Ransomware attacks are increasing at an exponential rate and have continued to be a disruptive force in the world of cybersecurity. According to Cognyte’s Cyber Threat Intelligence Research Group, the number of ransomware attacks nearly doubled in the first half of 2021. Compared to 1,112 ransomware attacks for the entire year of 2020, 1,097 organisations were hit by ransomware attacks from January to June of 2021.
The three leading causes of ransomware infection are phishing emails, poor user practices and lack of cybersecurity training. All of which can be prevented with proper cybersecurity awareness, knowledge and training.
What is Ransomware?
Ransomware is a type of malicious software or malware that employs encryption to a victim’s files and data unless a ransom is paid. Ransomware can infect businesses from large enterprises to SMEs including manufacturing, financial services, transportation, technology, legal and human resources, healthcare industry and more. It can spread to a system quickly, inflicting businesses within minutes. This can wreak havoc on an organisation’s productivity and can result in serious consequences such as data breaches.
No one is safe from ransomware attacks. As long as you have data kept in your system that you can’t afford to lose, you can be an appealing target for cybercriminals.
How Ransomware Works
In most cases, ransomware attacks occur in the form of a phishing attack where the attacker sends an email with a malicious link or attachment to the victim. Once the victim clicks the link or attachment, the malicious content will then initiate an attack.
Ransomware uses asymmetric encryption, cryptography that involves two distinct, yet related keys: A public key that is used for encryption and the private key that is used for decryption. The attacker makes the private key accessible to the victim only after the ransom is paid.
How to Prevent Ransomware Attacks
No one in this world actually knows how to avoid ransomware attacks altogether. If there’s a solution to these threats, Travelex and the University of California at San Francisco would have never caved in and paid the biggest ransoms of all time.
Despite this, there are still a lot of ways organisations can do to prevent attacks and mitigate the effects of ransomware.
1. Train users to detect ransomware
While user training cannot guarantee security against ransomware attacks, it can greatly reduce infection risk. In most cases, ransomware starts with a malicious email. Users who are trained to identify phishing emails and social engineering can easily tell whether or not an email is from a legitimate company. Thus, these people are less likely to open an infected link or attachment and fall victim to cybercrime.
2. Always have backups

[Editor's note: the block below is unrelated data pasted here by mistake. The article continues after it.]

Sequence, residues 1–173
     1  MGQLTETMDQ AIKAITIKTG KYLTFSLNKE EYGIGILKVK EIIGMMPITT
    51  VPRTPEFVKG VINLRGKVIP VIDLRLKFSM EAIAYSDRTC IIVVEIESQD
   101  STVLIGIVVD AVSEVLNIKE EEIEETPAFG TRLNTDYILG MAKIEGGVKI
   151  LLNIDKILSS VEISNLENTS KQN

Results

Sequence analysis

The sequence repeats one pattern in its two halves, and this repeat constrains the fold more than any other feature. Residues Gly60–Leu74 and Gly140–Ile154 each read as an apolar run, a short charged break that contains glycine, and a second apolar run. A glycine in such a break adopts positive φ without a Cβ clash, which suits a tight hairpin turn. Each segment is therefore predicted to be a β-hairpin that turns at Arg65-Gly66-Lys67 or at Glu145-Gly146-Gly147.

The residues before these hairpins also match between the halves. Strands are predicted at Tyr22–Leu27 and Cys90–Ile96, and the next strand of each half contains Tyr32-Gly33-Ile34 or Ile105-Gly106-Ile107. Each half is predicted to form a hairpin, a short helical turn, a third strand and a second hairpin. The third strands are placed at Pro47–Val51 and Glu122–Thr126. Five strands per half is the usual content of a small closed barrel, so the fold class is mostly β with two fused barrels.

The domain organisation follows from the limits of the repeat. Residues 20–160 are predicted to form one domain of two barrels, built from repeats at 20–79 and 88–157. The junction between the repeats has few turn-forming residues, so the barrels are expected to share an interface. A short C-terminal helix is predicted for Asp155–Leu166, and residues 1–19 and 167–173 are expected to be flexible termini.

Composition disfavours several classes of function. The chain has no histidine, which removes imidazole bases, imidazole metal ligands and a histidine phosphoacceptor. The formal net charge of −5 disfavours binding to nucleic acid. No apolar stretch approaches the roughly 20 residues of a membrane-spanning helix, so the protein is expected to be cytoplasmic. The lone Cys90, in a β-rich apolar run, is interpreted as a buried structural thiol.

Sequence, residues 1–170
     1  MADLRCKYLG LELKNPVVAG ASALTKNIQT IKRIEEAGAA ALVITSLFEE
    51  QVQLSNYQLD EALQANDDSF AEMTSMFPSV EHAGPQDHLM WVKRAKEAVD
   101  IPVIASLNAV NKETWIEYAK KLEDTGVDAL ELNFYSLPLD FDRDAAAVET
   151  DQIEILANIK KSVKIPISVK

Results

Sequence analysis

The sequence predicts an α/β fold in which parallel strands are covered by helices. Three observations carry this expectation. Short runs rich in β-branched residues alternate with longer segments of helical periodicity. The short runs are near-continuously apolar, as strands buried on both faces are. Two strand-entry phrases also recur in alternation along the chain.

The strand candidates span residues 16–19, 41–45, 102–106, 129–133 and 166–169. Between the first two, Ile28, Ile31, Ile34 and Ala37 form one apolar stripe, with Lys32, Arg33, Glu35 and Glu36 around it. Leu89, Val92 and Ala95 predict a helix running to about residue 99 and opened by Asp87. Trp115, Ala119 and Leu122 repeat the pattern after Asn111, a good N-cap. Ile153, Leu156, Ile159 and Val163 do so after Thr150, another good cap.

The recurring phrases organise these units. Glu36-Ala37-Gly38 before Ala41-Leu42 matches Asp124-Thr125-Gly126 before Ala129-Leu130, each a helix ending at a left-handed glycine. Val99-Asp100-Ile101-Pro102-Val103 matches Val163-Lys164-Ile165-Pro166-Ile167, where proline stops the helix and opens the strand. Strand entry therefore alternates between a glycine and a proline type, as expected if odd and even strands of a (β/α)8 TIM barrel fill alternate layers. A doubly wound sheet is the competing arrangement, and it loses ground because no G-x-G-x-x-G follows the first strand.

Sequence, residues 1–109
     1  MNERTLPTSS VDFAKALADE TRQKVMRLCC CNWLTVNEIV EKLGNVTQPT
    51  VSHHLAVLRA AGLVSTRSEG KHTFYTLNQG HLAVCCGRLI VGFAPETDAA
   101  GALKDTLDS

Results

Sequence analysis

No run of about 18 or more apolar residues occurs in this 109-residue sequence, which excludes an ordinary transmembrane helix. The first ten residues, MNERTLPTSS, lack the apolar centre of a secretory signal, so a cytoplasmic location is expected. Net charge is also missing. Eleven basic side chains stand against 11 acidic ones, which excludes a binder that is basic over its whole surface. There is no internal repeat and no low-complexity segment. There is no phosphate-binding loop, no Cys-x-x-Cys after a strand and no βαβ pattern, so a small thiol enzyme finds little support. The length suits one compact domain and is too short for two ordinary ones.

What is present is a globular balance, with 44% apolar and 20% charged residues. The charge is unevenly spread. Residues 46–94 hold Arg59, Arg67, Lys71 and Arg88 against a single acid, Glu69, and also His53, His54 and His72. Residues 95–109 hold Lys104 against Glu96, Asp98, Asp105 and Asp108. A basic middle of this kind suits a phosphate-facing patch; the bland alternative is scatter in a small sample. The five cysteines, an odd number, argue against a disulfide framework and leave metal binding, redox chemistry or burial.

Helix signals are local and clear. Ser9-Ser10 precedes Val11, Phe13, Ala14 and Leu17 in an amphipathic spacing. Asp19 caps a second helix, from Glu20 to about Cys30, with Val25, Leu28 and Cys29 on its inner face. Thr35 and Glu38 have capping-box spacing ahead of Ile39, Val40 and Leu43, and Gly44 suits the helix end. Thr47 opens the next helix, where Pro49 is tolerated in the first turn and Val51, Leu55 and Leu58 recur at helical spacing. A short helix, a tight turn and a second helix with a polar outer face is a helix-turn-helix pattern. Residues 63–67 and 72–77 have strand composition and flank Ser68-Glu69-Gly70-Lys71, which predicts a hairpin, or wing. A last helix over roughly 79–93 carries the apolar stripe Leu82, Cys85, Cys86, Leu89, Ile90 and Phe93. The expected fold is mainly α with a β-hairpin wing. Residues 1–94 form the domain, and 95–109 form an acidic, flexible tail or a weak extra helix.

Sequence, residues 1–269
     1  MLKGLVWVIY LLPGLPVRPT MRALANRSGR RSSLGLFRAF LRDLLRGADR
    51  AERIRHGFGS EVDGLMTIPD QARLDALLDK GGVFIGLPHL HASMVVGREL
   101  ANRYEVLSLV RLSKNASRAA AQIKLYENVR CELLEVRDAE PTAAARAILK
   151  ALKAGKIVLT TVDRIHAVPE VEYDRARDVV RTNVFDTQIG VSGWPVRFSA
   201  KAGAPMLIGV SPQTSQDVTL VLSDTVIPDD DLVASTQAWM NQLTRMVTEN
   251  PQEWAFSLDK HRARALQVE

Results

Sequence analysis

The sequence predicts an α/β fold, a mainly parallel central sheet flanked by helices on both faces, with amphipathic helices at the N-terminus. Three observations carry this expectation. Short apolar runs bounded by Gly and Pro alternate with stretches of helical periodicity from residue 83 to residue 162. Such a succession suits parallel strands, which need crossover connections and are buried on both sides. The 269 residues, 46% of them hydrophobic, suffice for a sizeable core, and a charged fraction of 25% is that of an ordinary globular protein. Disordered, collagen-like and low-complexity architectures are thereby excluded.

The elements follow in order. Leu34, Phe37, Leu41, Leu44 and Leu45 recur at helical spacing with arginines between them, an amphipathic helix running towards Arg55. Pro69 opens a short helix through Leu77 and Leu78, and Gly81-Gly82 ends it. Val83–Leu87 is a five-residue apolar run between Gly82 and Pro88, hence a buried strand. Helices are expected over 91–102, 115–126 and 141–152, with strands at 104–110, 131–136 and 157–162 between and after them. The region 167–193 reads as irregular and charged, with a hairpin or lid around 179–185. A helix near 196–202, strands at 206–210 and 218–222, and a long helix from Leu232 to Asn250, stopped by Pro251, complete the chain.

The single, most efficient way to recover from a ransomware attack is to restore your data from a backup. Regularly backing up your best defence in case ransomware is inflicted on your system. With backups, you can easily restore the stolen data from a different source other than the encrypted files.
You can store a copy of your data in the cloud such as in Google Drive or Dropbox to protect them from ransomware and other cybersecurity threats. While this may not keep the infection away, it can definitely make the damage significantly less as you can regain access to your files without the need to pay the ransom.
3. Protect personal information
Humans easily trust other humans. While trust is an essential part of people’s lives that allows us to live and work together, it is also one of the causes why attackers make us believe they are legitimate and get us to reveal our personal information such as our passwords.
The best thing you can do to protect yourself and your business from possible attacks is to avoid disclosing sensitive information. If you receive an email asking for your personal data, do not engage. Most cybercriminals who are planning a ransomware attack might try to gather these details which they can use to create tailored phishing emails to make their message more reliable.
4. Keep your systems up-to-date
Make sure that your organisation’s operating systems, applications and software are up-to-date. Regularly updating your systems will close all security gaps that cybercriminals are looking to exploit.
Additionally, make sure that you have the latest patch installed. Latest security patches make it easier for your anti-malware to recognise newer threats. Thus, making it harder for attackers to exploit vulnerabilities in your systems.
5. Avoid clicking unfamiliar links and attachments
Another essential step to prevent ransomware is by being vigilant about clicking unfamiliar links and attachments. Spam emails are one of the most common methods that attackers use. These emails contain malicious links or attachments that can instantly download ransomware to your computer.
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